Monday, July 22, 2013

75, Front Door, part 6. Installation.

Monday, the 13th of May, was a bit of a highlight for me. The frame was finally ready to be installed. All the loose bits were taken off and put aside, then, with the aid of a number of ropes and shackles, I lifted  it off the stools and dropped one side to the floor.

Resting on the reveal, I was then able to slide the unit through to the entry, where, using the ropes again, I lowered it flat to the floor. The temporary frames were left in the corner sash openings to help avoid any damage.

With the bottom positioned on the cill, I reattached ropes to the head and via shackles, fed it up to the rafters and back down to within easy reach. I was able to lift it up in stages by hand, holding it, after each grunt, by the rope. Owing to imperfections in the hand hewn bluestone cill, which I felt would be too hard to copy to the timberwork via measurements or templates, I opted to leave the frame slightly oversize and mark scribe lines on it, once in position. This, thankfully, worked satisfactorily the first time and I only needed to lower it back down once for trimming.

I was more than happy with the fit, just like the proverbial glove. The sides were screwed, through the reveals, into trimmers bolted to the stonework.

The stone cill already had holes sunk into it from it's previous life and I was careful to make sure that the mullions would cover them when designing the frame.

Grooves were chiseled in the base of the frame and the pedestal backing block to accommodate a stainless steel bolt. The bolt was then epoxied in place, sandwiched between the timbers with the head located into the rearmost hole.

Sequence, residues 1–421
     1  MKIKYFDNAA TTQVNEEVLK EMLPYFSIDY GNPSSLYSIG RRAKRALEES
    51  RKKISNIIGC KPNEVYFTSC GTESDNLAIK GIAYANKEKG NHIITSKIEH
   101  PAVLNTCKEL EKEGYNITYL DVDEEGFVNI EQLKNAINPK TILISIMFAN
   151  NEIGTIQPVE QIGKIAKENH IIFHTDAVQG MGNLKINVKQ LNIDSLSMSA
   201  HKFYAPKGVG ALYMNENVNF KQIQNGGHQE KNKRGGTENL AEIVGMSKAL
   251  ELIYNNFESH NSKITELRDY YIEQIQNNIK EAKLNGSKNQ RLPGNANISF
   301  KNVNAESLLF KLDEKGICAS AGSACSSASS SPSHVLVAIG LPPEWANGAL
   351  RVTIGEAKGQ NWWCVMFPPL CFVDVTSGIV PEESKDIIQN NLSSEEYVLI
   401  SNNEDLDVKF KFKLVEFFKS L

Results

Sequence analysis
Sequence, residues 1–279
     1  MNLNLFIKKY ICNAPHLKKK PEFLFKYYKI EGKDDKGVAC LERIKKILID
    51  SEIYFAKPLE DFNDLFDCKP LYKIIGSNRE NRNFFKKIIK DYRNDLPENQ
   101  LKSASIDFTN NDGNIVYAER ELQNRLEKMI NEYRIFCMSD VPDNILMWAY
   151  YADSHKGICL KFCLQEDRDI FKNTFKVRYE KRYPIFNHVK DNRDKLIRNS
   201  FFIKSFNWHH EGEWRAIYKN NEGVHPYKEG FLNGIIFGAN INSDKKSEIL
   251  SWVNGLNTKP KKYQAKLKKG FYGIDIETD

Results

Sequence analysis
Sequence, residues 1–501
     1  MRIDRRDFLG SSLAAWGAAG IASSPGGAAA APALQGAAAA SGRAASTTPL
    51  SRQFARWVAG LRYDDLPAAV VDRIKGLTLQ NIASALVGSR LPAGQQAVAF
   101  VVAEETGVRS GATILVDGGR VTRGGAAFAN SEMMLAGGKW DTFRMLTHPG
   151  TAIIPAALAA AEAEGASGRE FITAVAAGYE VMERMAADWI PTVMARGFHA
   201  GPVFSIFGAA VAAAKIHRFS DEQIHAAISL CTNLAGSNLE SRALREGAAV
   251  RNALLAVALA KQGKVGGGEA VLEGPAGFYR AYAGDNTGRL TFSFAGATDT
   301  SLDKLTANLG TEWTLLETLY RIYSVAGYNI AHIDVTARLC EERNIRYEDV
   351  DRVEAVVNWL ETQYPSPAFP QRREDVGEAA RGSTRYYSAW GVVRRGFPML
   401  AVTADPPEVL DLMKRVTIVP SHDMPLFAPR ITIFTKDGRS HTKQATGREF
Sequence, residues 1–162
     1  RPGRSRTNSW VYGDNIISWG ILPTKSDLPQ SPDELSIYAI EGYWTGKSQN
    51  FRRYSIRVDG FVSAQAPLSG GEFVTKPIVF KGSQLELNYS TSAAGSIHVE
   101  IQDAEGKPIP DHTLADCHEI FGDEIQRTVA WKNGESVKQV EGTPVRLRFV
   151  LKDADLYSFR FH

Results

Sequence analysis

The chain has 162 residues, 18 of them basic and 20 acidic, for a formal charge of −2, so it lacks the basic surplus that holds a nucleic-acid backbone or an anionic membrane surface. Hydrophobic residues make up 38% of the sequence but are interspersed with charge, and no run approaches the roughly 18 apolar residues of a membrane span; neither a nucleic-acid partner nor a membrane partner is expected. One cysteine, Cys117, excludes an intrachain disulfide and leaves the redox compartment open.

With the frame all secured in place, the sashes were trimmed and fitted and a start was made on the attaching of the appendages.
First up, the pedestals were boxed out and capped. The Lebanese cedar that I used for these and the upper portions of the plinth, came from a tree removed From Kardinia park in Geelong. The poorer, slower growing conditions there, other than that at Daylesford, from where the rest of my supply originated, created a tighter more attractive figure in the timber. The difference is quite apparent in the above photo, where a comparison can be made with the infill panel. For the lower, larger portion of the plinth, I used Celery top pine, which, being much more dense, should cope better with any knocking or scuffing.
During assembly, I am placing the "grease proof" paper behind the timber, to avoid getting paint all over the stonework. Hopefully it can simply and cleanly be pulled out later.